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Could YUM! Brands, Inc.'s (NYSE:YUM) Investor Composition Influence The Stock Price?

Simply Wall St

If you want to know who really controls YUM! Brands, Inc. (NYSE:YUM), then you'll have to look at the makeup of its share registry. Generally speaking, as a company grows, institutions will increase their ownership. Conversely, insiders often decrease their ownership over time. Companies that used to be publicly owned tend to have lower insider ownership.

YUM! Brands is a pretty big company. It has a market capitalization of US$30b. Normally institutions would own a significant portion of a company this size. Our analysis of the ownership of the company, below, shows that institutional investors have bought into the company. Let's delve deeper into each type of owner, to discover more about YUM.

View our latest analysis for YUM! Brands

NYSE:YUM Ownership Summary, November 6th 2019

What Does The Institutional Ownership Tell Us About YUM! Brands?

Institutional investors commonly compare their own returns to the returns of a commonly followed index. So they generally do consider buying larger companies that are included in the relevant benchmark index.

As you can see, institutional investors own 79% of YUM! Brands. This suggests some credibility amongst professional investors. But we can't rely on that fact alone, since institutions make bad investments sometimes, just like everyone does. If multiple institutions change their view on a stock at the same time, you could see the share price drop fast. It's therefore worth looking at YUM! Brands's earnings history, below. Of course, the future is what really matters.

NYSE:YUM Income Statement, November 6th 2019

Institutional investors own over 50% of the company, so together than can probably strongly influence board decisions. We note that hedge funds don't have a meaningful investment in YUM! Brands. There are plenty of analysts covering the stock, so it might be worth seeing what they are forecasting, too.

Insider Ownership Of YUM! Brands

The definition of an insider can differ slightly between different countries, but members of the board of directors always count. Company management run the business, but the CEO will answer to the board, even if he or she is a member of it.

I generally consider insider ownership to be a good thing. However, on some occasions it makes it more difficult for other shareholders to hold the board accountable for decisions.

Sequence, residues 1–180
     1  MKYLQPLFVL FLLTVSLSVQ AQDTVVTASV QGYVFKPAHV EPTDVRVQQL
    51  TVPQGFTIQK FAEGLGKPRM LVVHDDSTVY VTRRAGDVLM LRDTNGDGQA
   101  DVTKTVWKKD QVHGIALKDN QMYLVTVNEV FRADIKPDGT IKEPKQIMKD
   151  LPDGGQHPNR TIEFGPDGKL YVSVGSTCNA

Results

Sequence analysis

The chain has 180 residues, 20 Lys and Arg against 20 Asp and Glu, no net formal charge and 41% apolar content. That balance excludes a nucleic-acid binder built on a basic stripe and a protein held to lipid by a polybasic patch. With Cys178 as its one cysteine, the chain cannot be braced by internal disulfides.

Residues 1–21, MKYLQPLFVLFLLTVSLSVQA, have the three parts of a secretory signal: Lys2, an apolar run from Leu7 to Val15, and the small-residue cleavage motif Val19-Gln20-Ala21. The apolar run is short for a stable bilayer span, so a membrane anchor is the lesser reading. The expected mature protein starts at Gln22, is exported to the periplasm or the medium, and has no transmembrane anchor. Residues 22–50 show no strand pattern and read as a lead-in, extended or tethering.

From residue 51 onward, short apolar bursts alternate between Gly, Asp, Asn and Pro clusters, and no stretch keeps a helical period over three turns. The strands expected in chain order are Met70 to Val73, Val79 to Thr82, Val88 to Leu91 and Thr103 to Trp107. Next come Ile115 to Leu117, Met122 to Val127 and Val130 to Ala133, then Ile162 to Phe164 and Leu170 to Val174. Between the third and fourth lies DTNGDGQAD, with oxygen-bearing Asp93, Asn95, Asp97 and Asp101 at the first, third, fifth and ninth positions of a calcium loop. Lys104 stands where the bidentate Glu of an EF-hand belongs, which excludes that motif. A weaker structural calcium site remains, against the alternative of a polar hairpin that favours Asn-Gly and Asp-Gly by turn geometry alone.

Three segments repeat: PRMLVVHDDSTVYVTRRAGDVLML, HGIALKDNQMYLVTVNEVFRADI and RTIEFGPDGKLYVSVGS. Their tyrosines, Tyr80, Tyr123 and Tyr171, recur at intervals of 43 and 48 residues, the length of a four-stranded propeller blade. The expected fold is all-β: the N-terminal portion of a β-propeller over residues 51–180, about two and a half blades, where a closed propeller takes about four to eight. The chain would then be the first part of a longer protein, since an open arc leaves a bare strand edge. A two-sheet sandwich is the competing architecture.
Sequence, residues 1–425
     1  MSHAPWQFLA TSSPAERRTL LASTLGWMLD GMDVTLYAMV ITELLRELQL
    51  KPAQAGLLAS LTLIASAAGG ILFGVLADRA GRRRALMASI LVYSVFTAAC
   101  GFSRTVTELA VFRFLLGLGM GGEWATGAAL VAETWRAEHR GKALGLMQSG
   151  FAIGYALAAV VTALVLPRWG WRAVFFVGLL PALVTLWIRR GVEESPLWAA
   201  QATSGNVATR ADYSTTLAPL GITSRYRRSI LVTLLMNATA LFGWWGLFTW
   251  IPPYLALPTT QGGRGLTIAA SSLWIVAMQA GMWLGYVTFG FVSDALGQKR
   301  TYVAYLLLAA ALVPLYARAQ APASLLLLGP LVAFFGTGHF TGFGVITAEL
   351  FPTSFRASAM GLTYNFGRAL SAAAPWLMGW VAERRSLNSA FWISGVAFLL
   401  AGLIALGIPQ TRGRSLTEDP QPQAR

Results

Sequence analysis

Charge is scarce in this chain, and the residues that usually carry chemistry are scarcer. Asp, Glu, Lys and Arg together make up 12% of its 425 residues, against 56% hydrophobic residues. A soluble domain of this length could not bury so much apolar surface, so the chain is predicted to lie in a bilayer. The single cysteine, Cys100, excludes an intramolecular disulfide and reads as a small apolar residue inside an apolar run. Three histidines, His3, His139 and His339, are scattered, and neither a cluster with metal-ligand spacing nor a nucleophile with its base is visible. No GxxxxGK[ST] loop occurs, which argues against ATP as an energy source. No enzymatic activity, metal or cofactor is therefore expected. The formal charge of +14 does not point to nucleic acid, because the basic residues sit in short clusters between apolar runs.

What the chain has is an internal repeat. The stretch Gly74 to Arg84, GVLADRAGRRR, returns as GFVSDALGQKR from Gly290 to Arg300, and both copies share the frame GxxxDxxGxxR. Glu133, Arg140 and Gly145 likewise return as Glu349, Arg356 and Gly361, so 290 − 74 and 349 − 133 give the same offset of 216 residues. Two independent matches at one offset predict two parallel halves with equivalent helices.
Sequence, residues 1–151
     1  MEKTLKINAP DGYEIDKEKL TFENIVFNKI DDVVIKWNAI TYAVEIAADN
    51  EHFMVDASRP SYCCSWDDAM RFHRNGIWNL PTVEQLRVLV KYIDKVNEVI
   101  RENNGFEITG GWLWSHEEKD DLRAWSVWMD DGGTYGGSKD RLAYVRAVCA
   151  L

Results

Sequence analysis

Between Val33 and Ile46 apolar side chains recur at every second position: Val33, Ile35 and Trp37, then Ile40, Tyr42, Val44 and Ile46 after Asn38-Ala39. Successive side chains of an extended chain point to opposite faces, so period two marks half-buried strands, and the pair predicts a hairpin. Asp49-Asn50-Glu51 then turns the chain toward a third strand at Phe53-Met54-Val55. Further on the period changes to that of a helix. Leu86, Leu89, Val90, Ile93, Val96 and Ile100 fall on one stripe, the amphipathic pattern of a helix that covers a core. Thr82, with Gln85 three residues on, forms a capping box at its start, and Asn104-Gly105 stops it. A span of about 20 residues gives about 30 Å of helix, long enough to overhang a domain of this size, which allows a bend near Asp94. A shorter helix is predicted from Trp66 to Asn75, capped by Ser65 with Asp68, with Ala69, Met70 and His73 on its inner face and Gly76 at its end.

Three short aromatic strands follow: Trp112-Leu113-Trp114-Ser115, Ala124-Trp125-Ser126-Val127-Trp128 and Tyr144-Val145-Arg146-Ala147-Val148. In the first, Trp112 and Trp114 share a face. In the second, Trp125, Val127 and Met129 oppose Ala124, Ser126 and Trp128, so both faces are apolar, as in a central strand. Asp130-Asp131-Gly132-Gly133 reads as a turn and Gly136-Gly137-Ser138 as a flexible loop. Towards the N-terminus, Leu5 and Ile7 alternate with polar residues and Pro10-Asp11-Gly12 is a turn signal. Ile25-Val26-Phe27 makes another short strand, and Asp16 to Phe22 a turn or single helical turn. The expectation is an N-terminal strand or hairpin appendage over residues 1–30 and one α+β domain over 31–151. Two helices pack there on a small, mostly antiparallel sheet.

Our most recent data indicates that insiders own less than 1% of YUM! Brands, Inc.. As it is a large company, we'd only expect insiders to own a small percentage of it. But it's worth noting that they own US$49m worth of shares. In this sort of situation, it can be more interesting to see if those insiders have been buying or selling.

General Public Ownership

The general public, with a 21% stake in the company, will not easily be ignored. This size of ownership, while considerable, may not be enough to change company policy if the decision is not in sync with other large shareholders.

Next Steps:

While it is well worth considering the different groups that own a company, there are other factors that are even more important.

Many find it useful to take an in depth look at how a company has performed in the past. You can access this detailed graph of past earnings, revenue and cash flow.

But ultimately it is the future, not the past, that will determine how well the owners of this business will do. Therefore we think it advisable to take a look at this free report showing whether analysts are predicting a brighter future.

NB: Figures in this article are calculated using data from the last twelve months, which refer to the 12-month period ending on the last date of the month the financial statement is dated. This may not be consistent with full year annual report figures.

We aim to bring you long-term focused research analysis driven by fundamental data. Note that our analysis may not factor in the latest price-sensitive company announcements or qualitative material.

If you spot an error that warrants correction, please contact the editor at editorial-team@simplywallst.com. This article by Simply Wall St is general in nature. It does not constitute a recommendation to buy or sell any stock, and does not take account of your objectives, or your financial situation. Simply Wall St has no position in the stocks mentioned. Thank you for reading.